[[toc]]

Econometrics. A field where the concepts are simple, but the real challenge is making sense of notation so obfuscatory that you wonder if it’s done on purpose.

In order to arrive at this statement, I went through a long and confusing journey, one I wish upon no friend. This document’s structure takes my journey in reverse order.1 I start with what I eventually pinned down as the clear mathematical facts. Once armed with this toolkit, I do my best to explain why standard notation is confusing, and attempt to guess, from context, what econometricians actually mean.

In my view, it’s a pretty scathing indictment of the field that I spent about ten times longer engaging in this interpretative guesswork than I spent understanding the underling concepts.

# The facts

## Preliminaries

We start with a set of ordered pairs ${ \langle X_1 , Y_1 \rangle,\langle X_2 , Y_2 \rangle,\langle X_3 , Y_3 \rangle, …, \langle X_n,Y_n \rangle}$.

You can think of $X_i$ and $Y_i$ as

• real numbers (facts about each of the the $n$ individuals in the population)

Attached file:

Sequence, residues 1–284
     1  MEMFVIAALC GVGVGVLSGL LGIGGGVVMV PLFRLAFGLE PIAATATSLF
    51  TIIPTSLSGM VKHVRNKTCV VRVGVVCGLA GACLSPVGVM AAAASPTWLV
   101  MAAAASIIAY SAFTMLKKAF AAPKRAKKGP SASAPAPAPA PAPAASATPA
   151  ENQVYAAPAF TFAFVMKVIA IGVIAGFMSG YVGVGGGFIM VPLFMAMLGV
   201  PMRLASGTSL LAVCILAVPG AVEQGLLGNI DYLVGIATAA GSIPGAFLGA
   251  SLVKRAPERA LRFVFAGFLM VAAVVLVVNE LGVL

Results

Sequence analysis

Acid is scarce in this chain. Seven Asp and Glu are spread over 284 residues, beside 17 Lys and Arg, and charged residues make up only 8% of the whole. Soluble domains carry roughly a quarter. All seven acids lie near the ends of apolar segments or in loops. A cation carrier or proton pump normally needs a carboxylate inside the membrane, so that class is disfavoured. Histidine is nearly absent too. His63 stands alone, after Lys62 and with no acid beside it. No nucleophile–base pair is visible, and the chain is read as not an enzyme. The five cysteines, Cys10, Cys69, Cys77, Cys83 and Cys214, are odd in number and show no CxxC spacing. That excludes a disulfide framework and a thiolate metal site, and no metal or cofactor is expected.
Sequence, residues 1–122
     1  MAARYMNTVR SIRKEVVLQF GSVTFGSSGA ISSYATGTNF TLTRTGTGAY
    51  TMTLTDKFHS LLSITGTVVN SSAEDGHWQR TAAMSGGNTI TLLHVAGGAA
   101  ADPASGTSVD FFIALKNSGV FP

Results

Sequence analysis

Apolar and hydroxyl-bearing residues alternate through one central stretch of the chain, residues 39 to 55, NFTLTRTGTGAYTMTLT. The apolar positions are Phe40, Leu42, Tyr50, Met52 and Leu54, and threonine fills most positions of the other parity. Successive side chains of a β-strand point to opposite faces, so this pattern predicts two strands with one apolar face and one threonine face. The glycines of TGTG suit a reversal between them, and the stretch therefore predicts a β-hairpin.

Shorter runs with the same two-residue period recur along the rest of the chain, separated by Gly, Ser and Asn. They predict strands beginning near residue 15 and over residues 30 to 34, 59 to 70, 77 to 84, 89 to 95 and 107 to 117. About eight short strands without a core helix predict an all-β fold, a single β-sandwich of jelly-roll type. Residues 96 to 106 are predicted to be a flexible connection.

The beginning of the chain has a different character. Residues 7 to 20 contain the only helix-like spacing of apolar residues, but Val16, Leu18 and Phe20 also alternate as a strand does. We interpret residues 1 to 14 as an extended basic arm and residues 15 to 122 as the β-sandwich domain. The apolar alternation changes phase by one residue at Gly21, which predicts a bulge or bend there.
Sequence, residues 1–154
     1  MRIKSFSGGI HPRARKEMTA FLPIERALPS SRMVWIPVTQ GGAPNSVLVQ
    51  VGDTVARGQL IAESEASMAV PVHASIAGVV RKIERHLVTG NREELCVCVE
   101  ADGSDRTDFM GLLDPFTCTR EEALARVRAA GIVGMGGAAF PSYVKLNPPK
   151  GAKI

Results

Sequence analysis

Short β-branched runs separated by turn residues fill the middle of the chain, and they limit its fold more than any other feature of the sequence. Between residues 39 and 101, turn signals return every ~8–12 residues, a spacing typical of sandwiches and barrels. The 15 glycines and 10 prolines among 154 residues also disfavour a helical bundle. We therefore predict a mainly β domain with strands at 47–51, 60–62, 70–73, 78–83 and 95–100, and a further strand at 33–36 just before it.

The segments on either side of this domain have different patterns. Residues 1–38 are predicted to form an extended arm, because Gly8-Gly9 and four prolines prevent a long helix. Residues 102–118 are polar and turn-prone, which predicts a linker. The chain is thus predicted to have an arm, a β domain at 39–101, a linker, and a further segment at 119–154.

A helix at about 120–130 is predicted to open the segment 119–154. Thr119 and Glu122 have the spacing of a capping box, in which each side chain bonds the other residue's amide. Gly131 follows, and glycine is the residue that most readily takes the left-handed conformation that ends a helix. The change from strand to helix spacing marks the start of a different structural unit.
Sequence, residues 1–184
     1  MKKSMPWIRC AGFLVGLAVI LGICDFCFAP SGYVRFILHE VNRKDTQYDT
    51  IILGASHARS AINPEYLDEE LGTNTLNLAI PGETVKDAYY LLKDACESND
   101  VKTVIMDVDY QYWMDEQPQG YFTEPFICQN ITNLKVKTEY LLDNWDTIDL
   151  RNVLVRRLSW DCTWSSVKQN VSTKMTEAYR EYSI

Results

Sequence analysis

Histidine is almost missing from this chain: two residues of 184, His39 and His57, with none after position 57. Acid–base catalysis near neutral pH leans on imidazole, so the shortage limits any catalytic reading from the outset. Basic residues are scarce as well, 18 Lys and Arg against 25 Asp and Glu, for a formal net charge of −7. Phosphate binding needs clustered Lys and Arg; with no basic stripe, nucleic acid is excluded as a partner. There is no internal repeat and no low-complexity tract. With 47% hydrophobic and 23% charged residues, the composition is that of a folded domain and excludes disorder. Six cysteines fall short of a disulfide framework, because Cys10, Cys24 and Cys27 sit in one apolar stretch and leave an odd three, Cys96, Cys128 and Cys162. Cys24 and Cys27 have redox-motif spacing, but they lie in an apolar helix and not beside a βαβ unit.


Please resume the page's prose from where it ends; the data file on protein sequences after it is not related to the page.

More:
• or as random variables (probability distributions over facts about $n$ individuals in a sample),

all the maths will apply equally. (I will return to this fact and comment on it).

## The CEF minimises $\sum w_i^2$

We then have $% $$As before$w_i$is known, whereas$e_i$is a function of$\beta_0$and$\beta_1$. Here$e_i$is the distance, for observation$i$, between the LRM and the CEF; while$w_i$is the distance between the CEF and the actual value of$Y_i$. We can then call$u_i = e_i + w_i$the distance between the LRM and the actual value.2 We can also see that$E[u_i \mid x_i] =0$is equivalent to$e_i=0$, i.e. the CEF and the LRM occupy the same coordinates. ### Minimisation problem Suppose we want to solve $\min_{\beta_0, \beta_1} \sum (e_i + w_i)^2 \leftrightarrow \min_{\beta_0, \beta_1} \sum (Y_i - \beta_0 -\beta_1 X_i)^2$$

The solution is %

I prove this in appendix B. (It’s possible to prove an analogous result in general using matrix algebra, see appendix C.)

Suppose we specify that $\beta_0$ and $\beta_1$ are equal to these solution values. Now that $\beta_0$ and $\beta_1$ are known, $e_i$ is known too (by the subtraction $e_i = E[Y_i \mid X_i] - \beta_0 -\beta_1X_i$). As before, $w_i$ is known.